But Weinberg should know that evil has never been limited to religious people and institutions alone. Obviously, Weinberg has never heard of people like Stalin, Hitler, Mao, Idi Amin, Pol Pot (among many others) who were architects of incredibly appalling carnages and genocides, but had nothing to do with religion. These are the consequences of sin manifesting themselves in myriad ways. The quest for autonomy and power is fast becoming the foundation for the self-defeating denial of the Creator God, and the enthronement of the self. Instead of seeking to know God, mankind has embraced a strange proclivity toward self-worship and self-exultation. This can be true for believers and non-believers alike. No one is insulated from the darkness of sinful desires and actions. That is why God, in His infinite wisdom, gave us a once -and-for-all Cosmic Remedy for this pervasive spiritual malady in the Person of Jesus Christ, the Light that shineth forever.
Jesus, the Light of the world, is the divine panacea for this psychic and sarcous malaise of mankind-all of mankind. In Him we do not only see God. We see mankind as he was intended to be. Jesus has fittingly become our future history. He came to offer discontinuity to man’s self-destructive gravitation toward darkness and sin. Jesus is the Light that shines in the darkness of our sin-sick souls so that we can be sensitized to seek reconciliation with God and have access to a new birth with new desires, new life, new aspirations, and newness of spirit. He came to counter the aggressive dark force that has set itself against the knowledge of God and all He stands for. Jesus towers over all history as the prism revealing God’s attributes, His love for all mankind, and His power over sin. He is the Restorer of all that has been damaged by the dark night of sin. The life, death, resurrection and ascension of Jesus are not only transformative to the believer. They give the believer victory over the kingdom of Satan now. They are also God’s promise of complete eschatological annihilation and eradication of all that is related to darkness and sin. Jesus was so acutely aware of the implications of His sacrifice and resurrection and ascension that, at the end of His ministry, He triumphantly declared, now “the prince of this world is judged,” (John 16:11). Satan was defanged by Jesus’ finished work. Sin can no longer have dominion on believers who abide in Christ. Light shineth continuously from Jesus, offering pardon and reconciliation with our heavenly Father (Colossians 1:20). But this Light is a gift that can only be effective if it is accepted. It is never forced on anyone.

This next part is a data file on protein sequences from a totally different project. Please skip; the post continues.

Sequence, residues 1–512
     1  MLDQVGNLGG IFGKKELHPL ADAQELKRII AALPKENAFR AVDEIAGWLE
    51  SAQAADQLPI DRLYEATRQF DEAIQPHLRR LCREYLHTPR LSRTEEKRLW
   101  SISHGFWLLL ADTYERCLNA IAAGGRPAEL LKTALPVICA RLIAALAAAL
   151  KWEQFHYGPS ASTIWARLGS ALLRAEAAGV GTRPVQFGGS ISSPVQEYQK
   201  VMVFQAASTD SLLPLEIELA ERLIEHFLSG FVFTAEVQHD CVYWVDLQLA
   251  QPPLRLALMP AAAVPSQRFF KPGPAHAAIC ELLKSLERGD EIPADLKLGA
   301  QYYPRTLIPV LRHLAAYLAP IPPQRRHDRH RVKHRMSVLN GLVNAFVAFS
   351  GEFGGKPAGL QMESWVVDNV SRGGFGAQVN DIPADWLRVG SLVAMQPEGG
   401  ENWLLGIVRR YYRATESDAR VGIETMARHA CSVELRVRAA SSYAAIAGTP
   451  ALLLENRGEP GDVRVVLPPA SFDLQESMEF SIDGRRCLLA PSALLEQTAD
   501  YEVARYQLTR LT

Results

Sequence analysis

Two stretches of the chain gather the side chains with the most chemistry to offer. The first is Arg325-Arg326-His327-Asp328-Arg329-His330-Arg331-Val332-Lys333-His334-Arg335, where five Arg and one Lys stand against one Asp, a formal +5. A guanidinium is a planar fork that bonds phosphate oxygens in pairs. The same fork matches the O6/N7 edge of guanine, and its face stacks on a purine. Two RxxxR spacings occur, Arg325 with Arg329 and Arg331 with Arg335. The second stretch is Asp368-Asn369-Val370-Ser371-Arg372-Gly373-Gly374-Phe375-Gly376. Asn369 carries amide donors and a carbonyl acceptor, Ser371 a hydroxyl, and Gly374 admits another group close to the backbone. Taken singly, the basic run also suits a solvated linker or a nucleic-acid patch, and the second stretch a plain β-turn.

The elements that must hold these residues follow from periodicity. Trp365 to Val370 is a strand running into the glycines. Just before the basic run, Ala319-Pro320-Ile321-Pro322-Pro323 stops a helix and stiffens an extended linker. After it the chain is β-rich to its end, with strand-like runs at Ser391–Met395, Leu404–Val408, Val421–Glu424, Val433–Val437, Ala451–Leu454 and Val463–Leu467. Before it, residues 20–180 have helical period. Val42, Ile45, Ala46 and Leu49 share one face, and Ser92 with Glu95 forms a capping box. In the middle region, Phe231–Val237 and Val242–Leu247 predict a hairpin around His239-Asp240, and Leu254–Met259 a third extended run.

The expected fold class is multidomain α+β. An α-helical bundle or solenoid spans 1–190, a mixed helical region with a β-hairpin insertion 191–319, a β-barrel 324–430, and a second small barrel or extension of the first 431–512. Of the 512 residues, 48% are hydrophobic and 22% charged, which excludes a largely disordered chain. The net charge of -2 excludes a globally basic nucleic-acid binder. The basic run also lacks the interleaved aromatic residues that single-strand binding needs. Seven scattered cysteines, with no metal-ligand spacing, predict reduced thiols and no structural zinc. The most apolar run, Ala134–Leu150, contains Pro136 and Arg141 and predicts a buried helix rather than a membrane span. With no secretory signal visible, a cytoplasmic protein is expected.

1.United Nations Office on Drugs and Crime (UNODC) (2016). Some 437,000 people murdered worldwide in 2012, according to new UNODC study. Accessed from http://www.unodc.org/unodc/en/press/releases/2014/April/some-437000-people-murdered-worldwide-in-2012-according-to-new-unodc-study.html
2.Berlinski, D. (2008). The Devil’s Delusion: Atheism and Its Scientific Pretensions. Crown Forum, New York. pp.21